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GeoTIFF import

martinij
Booster

Hello

Does anyone have experience with a workflow to get a GeoTIFF model into Archicad?

As Archicad does not import it directly some form of transformation is needed. Preferably by some kind of opensource software.

Martin Isak Jansen
(I'm the one everyone at my company asks the tech questions)
www.artec.no
5 REPLIES 5

Barry Kelly
Moderator

Do you have access to the software that creates the GeoTIFF file?

If so, can it save in any other format that Archicad can import.

 

Otherwise just Google 'GeoTIFF convertor' and you will get a bunch of stuff you might be able to use.

 

Barry.


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Qgis offers the option to convert raster to XYZ and is opensource.

Erwin Edel, Project Lead, Leloup Architecten
www.leloup.nl

ArchiCAD 9-24 NED FULL
Windows 10 Pro
Adobe Design Premium CS5

martinij
Booster

The GeoTIFF file comes from a web service, so I can't get any other format.

 

I think QGIS is the way to go as it supports the format well. The file is a large terrain, so exporting it to xyz will be quite heavy. I could thin the pointcloud in cloudcompare but the mesh generated in Archicad I fear will be to big.

 

The solution I think is to:

-> Import GeoTIFF to QGIS.

-> Set some kind of object with known coordinates so the terrain can be placed in Archicad.

-> Export some type of mesh from QGIS that can be imported in Archicad.

-> Import in Archicad and place to correct coordinates with the coordinate object we added.

 

Any experience or suggesjons regarding this workflow?

Martin Isak Jansen
(I'm the one everyone at my company asks the tech questions)
www.artec.no

Don't have much experience with QGis, but I have used CloudCompare for similar things.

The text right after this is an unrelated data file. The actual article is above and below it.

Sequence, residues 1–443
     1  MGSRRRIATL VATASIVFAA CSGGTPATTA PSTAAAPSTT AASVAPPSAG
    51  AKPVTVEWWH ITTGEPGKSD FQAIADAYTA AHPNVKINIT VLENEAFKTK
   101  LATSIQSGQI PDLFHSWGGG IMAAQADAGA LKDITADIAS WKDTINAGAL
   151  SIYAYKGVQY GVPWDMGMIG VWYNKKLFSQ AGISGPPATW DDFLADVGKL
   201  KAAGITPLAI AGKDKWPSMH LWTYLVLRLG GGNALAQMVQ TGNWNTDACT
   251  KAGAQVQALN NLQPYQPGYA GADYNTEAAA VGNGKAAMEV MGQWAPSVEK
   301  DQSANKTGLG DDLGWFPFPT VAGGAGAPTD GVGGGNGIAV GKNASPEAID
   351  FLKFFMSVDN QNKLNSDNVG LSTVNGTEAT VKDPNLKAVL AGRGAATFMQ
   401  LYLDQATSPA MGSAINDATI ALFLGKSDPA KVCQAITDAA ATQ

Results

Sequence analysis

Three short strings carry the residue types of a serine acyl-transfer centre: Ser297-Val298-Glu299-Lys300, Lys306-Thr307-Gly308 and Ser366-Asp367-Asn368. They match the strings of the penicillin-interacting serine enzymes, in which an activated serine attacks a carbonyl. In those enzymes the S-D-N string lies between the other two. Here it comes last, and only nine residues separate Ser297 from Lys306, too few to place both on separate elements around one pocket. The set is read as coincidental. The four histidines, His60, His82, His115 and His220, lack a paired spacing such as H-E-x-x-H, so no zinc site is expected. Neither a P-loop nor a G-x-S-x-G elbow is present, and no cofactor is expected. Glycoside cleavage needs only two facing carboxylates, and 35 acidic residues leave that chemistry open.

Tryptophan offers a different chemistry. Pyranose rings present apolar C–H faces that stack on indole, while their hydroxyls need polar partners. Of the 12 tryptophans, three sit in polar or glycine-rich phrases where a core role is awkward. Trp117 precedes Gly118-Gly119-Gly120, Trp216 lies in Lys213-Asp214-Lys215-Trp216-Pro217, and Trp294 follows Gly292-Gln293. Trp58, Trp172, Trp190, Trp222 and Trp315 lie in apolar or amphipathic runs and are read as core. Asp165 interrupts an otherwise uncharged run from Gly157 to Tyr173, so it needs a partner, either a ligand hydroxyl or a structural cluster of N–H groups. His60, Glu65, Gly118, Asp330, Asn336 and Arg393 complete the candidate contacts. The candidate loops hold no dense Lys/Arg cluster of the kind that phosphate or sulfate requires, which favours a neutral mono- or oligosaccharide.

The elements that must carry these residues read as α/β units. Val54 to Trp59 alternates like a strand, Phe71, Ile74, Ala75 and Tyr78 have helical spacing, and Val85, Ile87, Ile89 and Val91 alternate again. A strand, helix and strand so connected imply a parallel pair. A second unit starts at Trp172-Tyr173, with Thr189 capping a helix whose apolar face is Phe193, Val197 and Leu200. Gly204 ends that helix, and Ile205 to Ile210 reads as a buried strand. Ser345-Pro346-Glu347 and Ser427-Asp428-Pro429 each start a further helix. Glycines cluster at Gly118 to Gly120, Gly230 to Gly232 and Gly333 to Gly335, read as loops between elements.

I would try bringing the GeoTIFF into CC, then subsampling it to a manageable amount of points. 2 million is definitely too much! I would try to keep the terrain as simple as possible, but try a few levels of detail to see what gets the job done without slowing it down too much.

 

CC can even filter points by various techniques - e.g. by distance to your building, so that faraway points are more aggressively deleted, or by amount of local detail, so that for a flat area you keep only a few points, while keeping more data in areas with more changing terrain.

 

Then you can either mesh the point cloud using 2.5D Delaunay Triangulation and export to STL for instance, or just export the simplified cloud as XYZ and bring into Archicad using Import->Points from Surveyor (XYZ) to generate the mesh.

 

David

XYZ format is just a table of coordinates, you could maybe trim things in excel, to get a lower level of detail for your import. If you would add a row of repeating numbers or letters behind the coordinates, you can filter away half, two thirds, three quarters etc depending on how big the range is.

 

In terms of real world coordinates, I would grab these from a 2D source. Depending on where the project is located, it should also be possible to show these in Qgis and export a DXF.

 

I don't generally generate 3D terrain, just draft a simple mockup myself, but I find it quite easy to grab a 2D terrain drawing from Qgis from the Dutch sources, which are all open source.

Erwin Edel, Project Lead, Leloup Architecten
www.leloup.nl

ArchiCAD 9-24 NED FULL
Windows 10 Pro
Adobe Design Premium CS5

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